Since I’m designing a campaign setting, I want to share with you some interesting dungeon locations I’ve written for the Exploration Age Campaign Guide. I’m taking a page out of Ed Greenwood’s playbook. In a recent Tome Show podcast of a Gen Con Forgotten Realms panel, Greenwood and R.A. Salvatore discussed the beauty of the original grey box, which was the first product to bring the world a fully realized Realms. Greenwood went on to say he did not flesh out every single dungeon and adventure site in the Realms with a map. That would have been too expensive to print, more work than one person could do in a timely manner, and too prescriptive to DMs (and authors like Salvatore) who wanted a toy box, but not directions on how to set up the toys. For those reasons I’m doing the same thing in Exploration Age.

Also, it’s good for me to give out information in small chunks so that I create a campaign guide both DMs and players can read. This is good for two reasons. First, many DMs are also players in other games, so I don’t want them to read through the book for their game and then feel like they can’t run a PC in another because of what they know. Second, I want players to be able to read the Exploration Age Campaign Guide freely so they can also get to know the world. If all the dungeon details were in the book, PCs would be going into a monster lair knowing every secret door, combat encounter, and trap. As a bonus, it’s good business to put out a book both players and DMs can buy.

That thinking from the original grey box has carried over into modern products. If you look at the fourth edition campaign guides for Forgotten Realms, Eberron, and Dark Sun, you’ll see that thinking of giving out a small paragraph or two of info for each adventure site is far more common place than fleshing out the entire thing with maps and creatures.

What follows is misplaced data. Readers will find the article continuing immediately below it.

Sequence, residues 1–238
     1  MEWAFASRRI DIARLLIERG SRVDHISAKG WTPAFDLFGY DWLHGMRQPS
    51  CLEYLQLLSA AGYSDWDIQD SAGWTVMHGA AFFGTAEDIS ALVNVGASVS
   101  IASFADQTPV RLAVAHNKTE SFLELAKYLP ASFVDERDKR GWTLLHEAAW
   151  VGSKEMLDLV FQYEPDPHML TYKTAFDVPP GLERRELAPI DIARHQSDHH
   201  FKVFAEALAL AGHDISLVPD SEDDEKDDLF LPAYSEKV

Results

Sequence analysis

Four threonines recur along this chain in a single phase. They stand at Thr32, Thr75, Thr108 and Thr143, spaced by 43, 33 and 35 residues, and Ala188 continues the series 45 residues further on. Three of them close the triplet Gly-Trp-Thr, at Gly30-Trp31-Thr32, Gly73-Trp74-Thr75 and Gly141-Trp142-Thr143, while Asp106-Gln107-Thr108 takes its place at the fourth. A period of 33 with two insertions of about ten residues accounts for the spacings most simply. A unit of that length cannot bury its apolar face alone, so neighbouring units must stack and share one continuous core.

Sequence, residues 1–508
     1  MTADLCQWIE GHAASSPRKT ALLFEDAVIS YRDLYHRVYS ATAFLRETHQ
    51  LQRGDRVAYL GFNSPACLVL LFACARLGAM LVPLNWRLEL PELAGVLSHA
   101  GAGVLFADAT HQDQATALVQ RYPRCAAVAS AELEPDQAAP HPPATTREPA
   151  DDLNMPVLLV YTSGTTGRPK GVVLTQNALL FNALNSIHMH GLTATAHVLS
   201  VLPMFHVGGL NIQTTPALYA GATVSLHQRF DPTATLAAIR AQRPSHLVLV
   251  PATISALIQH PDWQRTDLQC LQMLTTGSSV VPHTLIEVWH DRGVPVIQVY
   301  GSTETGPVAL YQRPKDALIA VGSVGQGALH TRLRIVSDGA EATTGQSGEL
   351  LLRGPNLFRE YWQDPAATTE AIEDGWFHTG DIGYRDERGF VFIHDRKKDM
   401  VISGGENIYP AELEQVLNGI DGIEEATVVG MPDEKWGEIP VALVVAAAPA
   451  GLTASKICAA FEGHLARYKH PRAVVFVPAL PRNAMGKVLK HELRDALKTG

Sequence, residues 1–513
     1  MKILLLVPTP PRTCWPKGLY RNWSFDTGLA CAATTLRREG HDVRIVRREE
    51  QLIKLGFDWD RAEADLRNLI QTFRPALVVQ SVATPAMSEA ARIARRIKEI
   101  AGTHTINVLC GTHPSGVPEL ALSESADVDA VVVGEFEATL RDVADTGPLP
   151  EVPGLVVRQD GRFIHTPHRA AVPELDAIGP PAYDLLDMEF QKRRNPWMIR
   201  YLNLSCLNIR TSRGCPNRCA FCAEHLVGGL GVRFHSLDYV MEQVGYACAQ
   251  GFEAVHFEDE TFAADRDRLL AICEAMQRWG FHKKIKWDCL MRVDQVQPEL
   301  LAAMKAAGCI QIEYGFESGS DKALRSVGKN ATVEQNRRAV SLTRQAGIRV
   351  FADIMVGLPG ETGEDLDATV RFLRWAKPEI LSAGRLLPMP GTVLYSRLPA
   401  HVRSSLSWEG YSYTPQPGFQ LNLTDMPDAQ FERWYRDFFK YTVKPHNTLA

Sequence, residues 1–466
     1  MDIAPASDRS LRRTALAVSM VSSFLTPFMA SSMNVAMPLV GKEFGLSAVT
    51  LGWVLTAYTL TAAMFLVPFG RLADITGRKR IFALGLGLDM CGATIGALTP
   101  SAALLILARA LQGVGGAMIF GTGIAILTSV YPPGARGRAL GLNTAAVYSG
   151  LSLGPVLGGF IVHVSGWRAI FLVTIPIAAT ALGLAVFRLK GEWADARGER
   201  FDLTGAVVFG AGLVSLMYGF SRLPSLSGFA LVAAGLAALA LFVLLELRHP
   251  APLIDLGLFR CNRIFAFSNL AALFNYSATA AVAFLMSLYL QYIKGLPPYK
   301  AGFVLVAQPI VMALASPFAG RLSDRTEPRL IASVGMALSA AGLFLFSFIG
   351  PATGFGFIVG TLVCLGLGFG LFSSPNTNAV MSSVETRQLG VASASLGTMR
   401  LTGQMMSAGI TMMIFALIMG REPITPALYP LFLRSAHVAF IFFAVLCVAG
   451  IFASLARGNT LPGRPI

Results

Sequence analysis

What IS a Dungeon?

Now THAT’S a dungeon.

Let’s face it, when someone says the word dungeon to a D&D player, most of us think of an underground tunnel complex, ancient ruin, or dark castle. Though really a dungeon can be any place with encounters, decision points, and rewards. More simply a dungeon is any place an adventure takes place. It doesn’t have to be old, dark, smelly, and out of the sun’s light.

In fact, you can lay out a wilderness adventure or a murder mystery during a jackrabbit ride the same way you might a dungeon. Plan out some encounters ahead of time, detail some key areas, and you’re off to the races. You can even throw some good decision points in there, like do the players summit Mt. Inferno, do they pass it to the East where the Skullbreaker orcs live, or pass it to the West where Salvanaxiavarion the red dragon makes her home.

Really any adventure site is a dungeon.

Exploration Age Dungeons

This will be helpful!

This will be helpful!

And so, without further adieu, some adventure sites from the Exploration Age Campaign Guide.

  • Mageforge Bragonay’s first attempt at magical terraforming went horribly wrong. At first the research facility of Mageforge’s gardens were lush and successful, but the crops continued to grow. Rapidly a living jungle overtook the research facility and the land around it. The plants came into a mind of their own and tore apart the facility, scattering its contents everywhere and killing the inhabitants. The place is now a living jungle, still full of interesting research and items the dwarves were creating, but every living thing in Mageforge is teeming with hate for humanoids, especially those who seek to rob their treasures.
  • Deep Orc Mountains No landform has a more appropriate name in all of Findalay than the Deep Orc Mountains. The orcs used to live throughout The Spine of Bragonay and The Wastes, but the united orc tribes raided one too many dwarf caravans and former Empress Falahdrah ordered The Black Blood Purge. The dwarves drove the orcs into their own section of the mountains while also seeding agents within the orc ranks to sow discord. In thousands of miles of twisting tunnels the orcs now war against themselves. This was a genius move on the part of the dwarves, for monstrosities coming out of The Damned Lands are now the problem of the orcs and not theirs. Within the Deep Orc Mountains there is a miracle device. The altar of true resurrection is one of the most sought after artifacts in all of Canus. This hidden altar casts true resurrection without material components on any deceased body (or piece of a body) placed upon it. Once the altar is used it melts into the stone and reforms somewhere else within Deep Orc Mountains, making it nearly impossible to find. More folks have lost their lives seeking the altar than have actually used it.